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Friday, July 3, 2015

CCSC budget 'fiscally stable'

Tuesday, August 31, 2010

The news isn't bad for Clay Community School Corporation.

During a special meeting Tuesday, a budget hearing was conducted in which Business Manager Mike Fowler addressed the concerns of the board regarding the capital projects plan, school bus replacement plan and levy neutrality.

"We are fiscally stable, especially when compared to other corporations," Fowler said. "With the information we have available to us today there are no major changes."

Fowler added that compared to other corporations CCSC is doing great in other areas as well.

"I've heard of other school corporations have an average of 36 kids in an elementary classroom, or having to RIF (reduction in force) 160 teachers," he said. "We are keeping teachers in the classrooms, keeping class size numbers down, paying for a building project and continuing to improve the quality of education through technology."

"We have increased our academic scores, our schools are accredited, for the last three years we put together goals and strategies, our graduation rates have improved and fiber (optic) has been installed at Clay City," Supt. Dan Schroeder said. "Even in these economic times we have continued to improve, we have been frugal and we are improving."

The floor was opened for comments from patrons and Clay County resident John Brush commented on the hard work of everyone in the corporation, certified and non-certified.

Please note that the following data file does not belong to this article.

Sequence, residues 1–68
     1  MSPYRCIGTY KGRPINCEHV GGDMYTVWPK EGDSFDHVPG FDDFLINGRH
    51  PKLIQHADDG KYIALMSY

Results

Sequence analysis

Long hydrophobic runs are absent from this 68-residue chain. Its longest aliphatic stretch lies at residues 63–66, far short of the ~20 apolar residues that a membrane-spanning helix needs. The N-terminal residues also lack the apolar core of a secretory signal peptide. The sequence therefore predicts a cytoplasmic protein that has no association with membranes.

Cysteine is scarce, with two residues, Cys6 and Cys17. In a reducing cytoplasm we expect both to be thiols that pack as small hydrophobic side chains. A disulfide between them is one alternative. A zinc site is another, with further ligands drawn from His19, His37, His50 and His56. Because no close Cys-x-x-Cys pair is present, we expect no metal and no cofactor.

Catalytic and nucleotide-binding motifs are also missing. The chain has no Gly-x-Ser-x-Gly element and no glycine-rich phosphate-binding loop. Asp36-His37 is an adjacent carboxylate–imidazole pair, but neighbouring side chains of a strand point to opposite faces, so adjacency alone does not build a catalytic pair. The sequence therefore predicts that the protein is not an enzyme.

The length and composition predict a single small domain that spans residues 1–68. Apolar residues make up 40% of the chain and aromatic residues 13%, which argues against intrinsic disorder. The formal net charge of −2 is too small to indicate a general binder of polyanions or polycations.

"I think as a small community, it is great to see the improvements," Brush said. "We are improving our building, putting reliable buses on the road and not RIFing teachers. You have done an excellent job without tax dollars."

Board member Dottie King agreed with Brush.

"We have put our money where our mouth is," King said. "We are sitting on this board during some tough economic times, we are not RIFing teachers and we have kept our class sizes small."

Though there is still the possibility for the state to cut funding again in the future, the board agreed CCSC seems to be able to weather another storm.

The Clay Community School Board of Trustees will vote on the budget on Sept. 13.


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LOL......We haven't had to RIF teachers because we hold the maximum percentage that the state allows out of use for education.

The school corporation that had to RIF 160 teachers is Anderson Community Schools, almost twice the size of the CCSC at an ADM of 8805. South Bend Community Schools laid off 250 teacher and their ADM is over 21,000. Both of these corporation have been holding near the minimum required by the state in their cash balances, utilizing most of the taxpayer's dollars taken for education to educate. While it makes budget cuts hard to face when you have to RIF teachers, of what educational benefit is it to hold tax dollars in the bank instead of putting them to use in the classroom?

Ten Percent of the total budget equals about 4.7 million dollars. That is equal to about one hundred times the average salary we pay teachers. Would 50 more teachers in the corporation during good economic times be worth having to RIF in lean years? Having more teachers part of the time seems better than maintaining a lower number all of the time to me.

-- Posted by Leo L. Southworth on Wed, Sep 1, 2010, at 12:13 AM

So you are saying that we need to hire enough teachers, and then when money is tight, we should RIF teachers. Doesn't that make little sense to hurt the lives of people trying to do a difficult job? Typical response from you. Can you please give reference information from your statistics? It seems that you are always providing us numbers without reference.